@Jake_Trotter what year will Texas be the big 12 favorite in the preseason?— Bears and Brews (@BaylorObserver) November 21, 2014
Trotter: This is an interesting thought. It won't be next year. TCU, with QB Trevone Boykin back, will probably be next year's preseason favorite. But by 2016? Yeah, Texas would have a chance to be the preseason favorite, if it continues on the current trajectory we've seen from Charlie Strong's bunch this season.
@Jake_Trotter will the conference look at adding more teams? Will the big 12 still be a conference 5 years from now?— Chris Cruz (@realchriscruz17) November 21, 2014
Trotter: I've been told that the only way the league would look at expansion is if it got left out of the playoff year after year. That could happen this year. If it happened a couple more times, the league would be forced to rethink its current format.
@Jake_Trotter say Gundy does leave, can't you see some Bad-A like Derek Dooley coming in and taking OSU to the top?— Travis Guidry (@TGuidry25) November 21, 2014
Trotter: I sense you're being sarcastic. But if Mike Gundy did bolt after this season, Oklahoma State would be in a position to court several viable candidates. Clemson offensive coordinator Chad Morris would make a bunch of sense. Memphis coach Justin Fuente is an up-and-comer with ties to the state. Gundy's coaching tree includes Southern Miss head coach Todd Monken (who is very popular in Stillwater), North Carolina head coach Larry Fedora and TCU offensive coordinator Doug Meacham. The Cowboys would also have an in-house candidate in Glenn Spencer, who has flourished as Oklahoma State's defensive coordinator. The Cowboys would have intriguing options.
His Horned Frogs are perpetually on the move in the unpredictable College Football Playoff rankings, from seventh to sixth to that oh-so-coveted No. 4 spot. Now they’re No. 5. Everything this team has done and everything that comes next will be held up to extreme scrutiny. Every margin of victory now matters. So does the impending threat of Baylor moving ahead of TCU and that still-treacherous path to a Big 12 championship.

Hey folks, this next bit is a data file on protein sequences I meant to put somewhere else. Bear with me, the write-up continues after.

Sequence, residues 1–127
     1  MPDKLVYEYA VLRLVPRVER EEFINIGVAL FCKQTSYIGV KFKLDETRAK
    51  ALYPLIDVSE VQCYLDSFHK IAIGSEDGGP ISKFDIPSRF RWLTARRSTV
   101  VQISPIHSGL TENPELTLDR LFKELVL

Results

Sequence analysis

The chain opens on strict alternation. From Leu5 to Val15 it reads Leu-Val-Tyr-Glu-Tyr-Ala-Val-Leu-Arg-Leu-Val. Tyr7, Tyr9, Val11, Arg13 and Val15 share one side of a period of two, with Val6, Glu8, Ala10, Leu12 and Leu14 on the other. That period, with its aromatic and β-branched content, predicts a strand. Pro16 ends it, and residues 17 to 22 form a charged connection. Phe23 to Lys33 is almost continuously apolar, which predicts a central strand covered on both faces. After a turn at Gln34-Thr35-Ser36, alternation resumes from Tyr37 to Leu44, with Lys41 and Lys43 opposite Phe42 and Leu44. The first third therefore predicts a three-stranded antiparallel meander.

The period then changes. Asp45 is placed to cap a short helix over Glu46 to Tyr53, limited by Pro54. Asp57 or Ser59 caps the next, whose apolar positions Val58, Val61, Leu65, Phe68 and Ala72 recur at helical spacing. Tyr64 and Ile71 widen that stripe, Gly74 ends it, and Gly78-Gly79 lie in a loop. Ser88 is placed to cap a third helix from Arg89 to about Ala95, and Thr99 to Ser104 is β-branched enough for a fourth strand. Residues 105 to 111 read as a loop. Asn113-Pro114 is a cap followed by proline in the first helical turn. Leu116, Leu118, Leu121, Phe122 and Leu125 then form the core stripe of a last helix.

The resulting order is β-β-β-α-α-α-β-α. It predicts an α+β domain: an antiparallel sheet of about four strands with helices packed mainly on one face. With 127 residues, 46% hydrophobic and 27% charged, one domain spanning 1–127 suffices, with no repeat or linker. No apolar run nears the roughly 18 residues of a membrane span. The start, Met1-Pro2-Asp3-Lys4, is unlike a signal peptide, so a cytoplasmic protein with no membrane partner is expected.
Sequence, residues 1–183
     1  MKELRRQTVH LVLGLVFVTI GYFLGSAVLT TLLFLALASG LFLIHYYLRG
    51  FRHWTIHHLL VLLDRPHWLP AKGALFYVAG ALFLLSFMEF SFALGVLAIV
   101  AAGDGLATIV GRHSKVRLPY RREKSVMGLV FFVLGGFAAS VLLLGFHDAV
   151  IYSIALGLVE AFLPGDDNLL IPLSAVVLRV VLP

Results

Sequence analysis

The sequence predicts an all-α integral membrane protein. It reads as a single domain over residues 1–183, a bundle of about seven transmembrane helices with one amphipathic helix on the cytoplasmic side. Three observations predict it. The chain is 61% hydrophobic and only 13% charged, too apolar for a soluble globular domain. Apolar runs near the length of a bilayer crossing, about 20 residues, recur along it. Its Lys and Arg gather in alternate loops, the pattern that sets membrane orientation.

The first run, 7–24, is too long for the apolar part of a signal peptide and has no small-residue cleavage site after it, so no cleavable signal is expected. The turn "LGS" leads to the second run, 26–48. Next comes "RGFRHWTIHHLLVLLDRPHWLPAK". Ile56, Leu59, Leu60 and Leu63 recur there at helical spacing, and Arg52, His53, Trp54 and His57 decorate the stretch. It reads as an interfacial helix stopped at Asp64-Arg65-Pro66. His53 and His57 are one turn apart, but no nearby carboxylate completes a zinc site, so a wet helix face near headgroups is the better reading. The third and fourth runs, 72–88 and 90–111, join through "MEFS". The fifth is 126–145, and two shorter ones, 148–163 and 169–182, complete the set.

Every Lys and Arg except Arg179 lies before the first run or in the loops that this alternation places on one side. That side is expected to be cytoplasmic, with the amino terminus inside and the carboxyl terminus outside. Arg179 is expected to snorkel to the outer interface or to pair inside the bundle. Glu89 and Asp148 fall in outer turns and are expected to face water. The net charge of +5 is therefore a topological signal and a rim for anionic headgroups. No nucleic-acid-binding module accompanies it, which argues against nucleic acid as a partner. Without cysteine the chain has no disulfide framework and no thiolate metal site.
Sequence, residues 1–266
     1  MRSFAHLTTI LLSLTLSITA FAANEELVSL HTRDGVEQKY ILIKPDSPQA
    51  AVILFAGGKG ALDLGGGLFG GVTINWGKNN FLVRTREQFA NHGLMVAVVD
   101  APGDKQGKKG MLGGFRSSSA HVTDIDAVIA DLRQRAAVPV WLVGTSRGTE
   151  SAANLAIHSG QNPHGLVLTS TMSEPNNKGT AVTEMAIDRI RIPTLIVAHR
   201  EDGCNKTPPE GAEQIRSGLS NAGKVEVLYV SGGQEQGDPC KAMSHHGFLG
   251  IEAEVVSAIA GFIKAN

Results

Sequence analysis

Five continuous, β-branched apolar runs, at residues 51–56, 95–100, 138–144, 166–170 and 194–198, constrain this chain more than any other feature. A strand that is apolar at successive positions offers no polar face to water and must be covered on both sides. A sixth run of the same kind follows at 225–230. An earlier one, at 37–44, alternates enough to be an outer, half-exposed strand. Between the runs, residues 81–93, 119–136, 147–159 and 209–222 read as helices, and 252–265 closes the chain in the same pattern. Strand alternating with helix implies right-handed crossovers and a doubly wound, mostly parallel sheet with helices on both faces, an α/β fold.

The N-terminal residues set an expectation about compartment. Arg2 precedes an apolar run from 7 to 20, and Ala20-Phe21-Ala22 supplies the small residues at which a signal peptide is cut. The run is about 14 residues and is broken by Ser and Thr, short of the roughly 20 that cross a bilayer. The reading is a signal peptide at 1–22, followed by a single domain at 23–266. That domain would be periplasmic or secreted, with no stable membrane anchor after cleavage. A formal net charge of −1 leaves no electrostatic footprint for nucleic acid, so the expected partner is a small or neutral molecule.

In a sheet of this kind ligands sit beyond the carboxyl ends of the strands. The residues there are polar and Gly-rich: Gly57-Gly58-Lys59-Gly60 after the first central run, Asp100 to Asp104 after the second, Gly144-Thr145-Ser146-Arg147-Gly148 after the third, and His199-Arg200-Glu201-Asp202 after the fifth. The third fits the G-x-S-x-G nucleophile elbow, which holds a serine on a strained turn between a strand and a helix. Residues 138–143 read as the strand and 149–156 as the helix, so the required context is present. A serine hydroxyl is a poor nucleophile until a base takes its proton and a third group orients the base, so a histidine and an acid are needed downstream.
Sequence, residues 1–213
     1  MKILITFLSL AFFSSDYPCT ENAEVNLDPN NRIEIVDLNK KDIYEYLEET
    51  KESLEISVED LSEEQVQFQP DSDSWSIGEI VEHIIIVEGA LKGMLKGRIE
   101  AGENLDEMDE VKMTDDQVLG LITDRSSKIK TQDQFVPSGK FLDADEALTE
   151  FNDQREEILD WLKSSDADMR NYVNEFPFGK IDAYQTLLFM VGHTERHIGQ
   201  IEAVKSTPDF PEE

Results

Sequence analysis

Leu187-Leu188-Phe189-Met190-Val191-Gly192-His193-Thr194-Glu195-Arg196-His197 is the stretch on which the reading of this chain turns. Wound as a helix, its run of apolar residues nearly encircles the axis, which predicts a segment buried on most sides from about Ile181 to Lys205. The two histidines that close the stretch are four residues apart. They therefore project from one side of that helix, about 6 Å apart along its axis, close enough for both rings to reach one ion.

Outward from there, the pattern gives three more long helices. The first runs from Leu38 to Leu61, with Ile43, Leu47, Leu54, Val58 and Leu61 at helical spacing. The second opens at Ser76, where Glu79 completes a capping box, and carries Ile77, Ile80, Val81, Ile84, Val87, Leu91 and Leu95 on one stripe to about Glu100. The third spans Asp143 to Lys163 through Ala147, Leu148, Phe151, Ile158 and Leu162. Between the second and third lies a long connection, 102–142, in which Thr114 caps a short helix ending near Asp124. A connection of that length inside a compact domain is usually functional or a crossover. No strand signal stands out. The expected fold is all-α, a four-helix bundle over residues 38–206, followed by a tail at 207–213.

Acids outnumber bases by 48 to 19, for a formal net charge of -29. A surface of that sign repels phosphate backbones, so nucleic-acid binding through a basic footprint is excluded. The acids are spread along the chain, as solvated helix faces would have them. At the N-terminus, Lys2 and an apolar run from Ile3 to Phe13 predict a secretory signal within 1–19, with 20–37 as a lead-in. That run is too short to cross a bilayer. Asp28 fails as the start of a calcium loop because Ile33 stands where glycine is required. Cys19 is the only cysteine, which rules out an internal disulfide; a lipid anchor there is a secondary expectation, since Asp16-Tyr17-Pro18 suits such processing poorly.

That’s plenty of fodder for an AD to worry about and overanalyze. How’s Del Conte handling it? He’s trying his best not to get too high or too low when the rankings are unveiled each Tuesday night. You can’t let a poll stress you out.
Del Conte recognizes these are great problems to have for a team that was 4-8 in 2013 and projected to finish seventh in the Big 12 this year. You’re not going to get him to complain about where TCU ranks this week. He’s enjoying this season too much to fret.
“We’re 9-1! It's awesome!” Del Conte said. “Yeah, KU was cold and we won by 4. We're 9-1! And yet I'm down at Walgreens buying Pepto-Bismol. That's ridiculous. In the old system, you're down at a local bar ordering a round of champagne for everybody if you're 9-1. These days, you've got to order a bottle of Pepto-Bismol.”
He might want to stock up. The Horned Frogs could be in for an extended stay in the no man's land right outside fourth place so long as they keep winning.
TCU coach Gary Patterson told the AP last week he knows Baylor earned the Big 12 tiebreaker, but "you still get a trophy for being co-champions, and that's the one thing that I can control." His boss is handing these uncertain times just fine, too, no matter which bowl game ends up taking the Frogs.